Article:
Manchester United choose Asia for IPO

Posted on August 16, 2011

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First featured in FT

Singaporean fans of Manchester United last caught glimpse of their favourite club when the Red Devils visited the country in a one day trophy-touring parade in July. But as of next year, they, along with millions others, could well have the opportunity to buy shares in the 19 times Premiership champions if the club’s plans to do a partial float on the Singaporean stock exchange go through.

Yet, as Manchester United gears itself up to become a publicly listed company once again (it was delisted after the Glazers bought it in 2005), the question that is being asked among the club’s UK-based fans is not only why Singapore over say, Hong Kong, but why Asia more generally?

Ostensibly, a club based in the north west of England and with American owners, should be looking to London and New York as its first ports of call for any IPO.

So should we be surprised by Britain’s most famous sporting name moving east? On the face of it, the answer is an overwhelming ‘no’.

The team that started off as Yorkshire and Lancashire railway side in 1878 was ranked by Forbes earlier this year as the world’s most valuable football club, worth an estimated $1.86bn. Manchester United have been an international football brand for decades and have toured and played in Asia since 1974 – longer than any of its major rivals. The Red Devils also boast over half of their 330m fan-base in the continent and have consistently rammed down the throat of anyone willing to listen, that Asia is where it’s at.

But is United’s IPO dream really motivated by the prospect of an estimated 190m Asian fans becoming major share holders in the Reds? Or the cold hard fact that the owners want the highest  possible valuation for a company that has been a constant source of controversy since they bought it six years ago?

Financially, there is no doubt that the buoyant stock markets in Asia offer the Glazers a higher valuation than anything they could get closer to home. But the $1bn valuation that is being attached to the 25-30 per cent partial flotation is lower than the £2bn the owners are thought to have touted for a club they bought for £790m. The revised down valuation will come as no loss to most of Manchester United’s fans, many of whom are loathe to see the Florida-based owners walk away from the club making a healthy profit.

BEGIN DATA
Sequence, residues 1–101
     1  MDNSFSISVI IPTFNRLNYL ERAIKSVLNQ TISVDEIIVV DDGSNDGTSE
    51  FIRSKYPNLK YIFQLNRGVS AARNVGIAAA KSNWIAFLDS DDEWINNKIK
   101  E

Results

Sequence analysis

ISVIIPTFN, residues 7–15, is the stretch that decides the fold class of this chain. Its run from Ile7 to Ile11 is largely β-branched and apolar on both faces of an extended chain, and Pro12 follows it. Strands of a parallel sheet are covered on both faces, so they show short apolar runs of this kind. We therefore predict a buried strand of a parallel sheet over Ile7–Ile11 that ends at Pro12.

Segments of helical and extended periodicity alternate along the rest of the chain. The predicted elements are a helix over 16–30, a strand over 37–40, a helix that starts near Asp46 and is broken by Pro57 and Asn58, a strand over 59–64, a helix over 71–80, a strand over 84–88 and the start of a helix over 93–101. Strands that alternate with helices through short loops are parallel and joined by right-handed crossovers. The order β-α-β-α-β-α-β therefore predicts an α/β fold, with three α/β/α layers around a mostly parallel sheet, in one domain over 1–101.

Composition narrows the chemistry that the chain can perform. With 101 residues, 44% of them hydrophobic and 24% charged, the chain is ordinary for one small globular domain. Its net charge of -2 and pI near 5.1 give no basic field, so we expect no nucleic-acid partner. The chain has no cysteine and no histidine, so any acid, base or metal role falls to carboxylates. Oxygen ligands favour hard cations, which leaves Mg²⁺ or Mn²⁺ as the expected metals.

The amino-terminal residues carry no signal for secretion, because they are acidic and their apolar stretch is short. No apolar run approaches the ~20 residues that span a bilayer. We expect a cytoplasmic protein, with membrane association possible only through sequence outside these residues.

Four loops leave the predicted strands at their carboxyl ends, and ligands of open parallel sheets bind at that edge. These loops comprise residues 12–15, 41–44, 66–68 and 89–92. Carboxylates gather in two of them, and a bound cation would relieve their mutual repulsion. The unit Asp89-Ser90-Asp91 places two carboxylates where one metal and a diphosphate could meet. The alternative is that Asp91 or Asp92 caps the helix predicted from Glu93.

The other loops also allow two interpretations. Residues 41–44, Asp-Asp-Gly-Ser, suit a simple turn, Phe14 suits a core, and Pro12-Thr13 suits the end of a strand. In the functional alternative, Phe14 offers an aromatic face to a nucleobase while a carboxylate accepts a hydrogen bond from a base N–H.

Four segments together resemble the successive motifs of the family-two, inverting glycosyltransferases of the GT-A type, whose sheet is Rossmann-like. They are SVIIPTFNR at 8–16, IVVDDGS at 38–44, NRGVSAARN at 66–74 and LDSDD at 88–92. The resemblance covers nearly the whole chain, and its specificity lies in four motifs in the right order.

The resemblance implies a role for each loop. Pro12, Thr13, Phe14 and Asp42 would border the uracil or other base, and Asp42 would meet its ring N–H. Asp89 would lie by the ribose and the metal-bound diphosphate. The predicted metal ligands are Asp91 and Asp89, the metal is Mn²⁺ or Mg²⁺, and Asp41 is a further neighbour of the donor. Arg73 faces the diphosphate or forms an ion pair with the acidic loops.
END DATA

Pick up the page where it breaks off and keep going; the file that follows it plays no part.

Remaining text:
“We welcome the IPO in the sense that it gives fans a chance to buy shares in the club, but the decision to float in Singapore is just an extension of the fact that the Glazers have always refused to engage with [UK] fans”, a spokesperson for the Independent Manchester United Supporters Association told beyondbrics.

The listing will not preclude international buyers from the shares, but it will complicate the procedure for British fans who have long resented the debt burden placed on the club since the Glazers took over. Debt repayments meant that despite an operating profit of £91m, United still made an operating loss of £79m in 2010.

Even the Far-East, often vaunted as a footballing cash-cow, doesn’t produce the returns that would justify the investment made by clubs in terms of marketing and pre-season tours. Asia is awash with fake merchandise and its commercial television rights pale in significance to those earned from domestic rights. Manchester United made a mere 2 per cent of its total club turnover from an Asia tour in 2009.

In fact, steps towards public listing, in Asia or otherwise, is a pretty unusual move all round, and especially unusual for a club with outright owners like Manchester United.

Stock markets are not the vogue for either club owners or potential investors. The Premiership may be the most lucrative domestic league in the world but most of its money is pumped into massive transfer fees and inflated player wages, rather than being passed on to investors.

As IFR wrote on Tuesday:

The club could pay a dividend, but rational investors are keen on secure earnings if they are to buy a pure yield story at IPO.

It is only fans, a special type of ‘investor’, for whom public listing is a way of staking an often sybolic claim over their clubs.

When United were bought and de-listed by Malcolm Glazer in 2005, thousands of fans refused to return their share certificates, losing hundreds of pounds for holding on to what were essentially worthless pieces of paper.

This time round, the Reds faithful may find it harder to get their hands on those pieces of paper in the first place.

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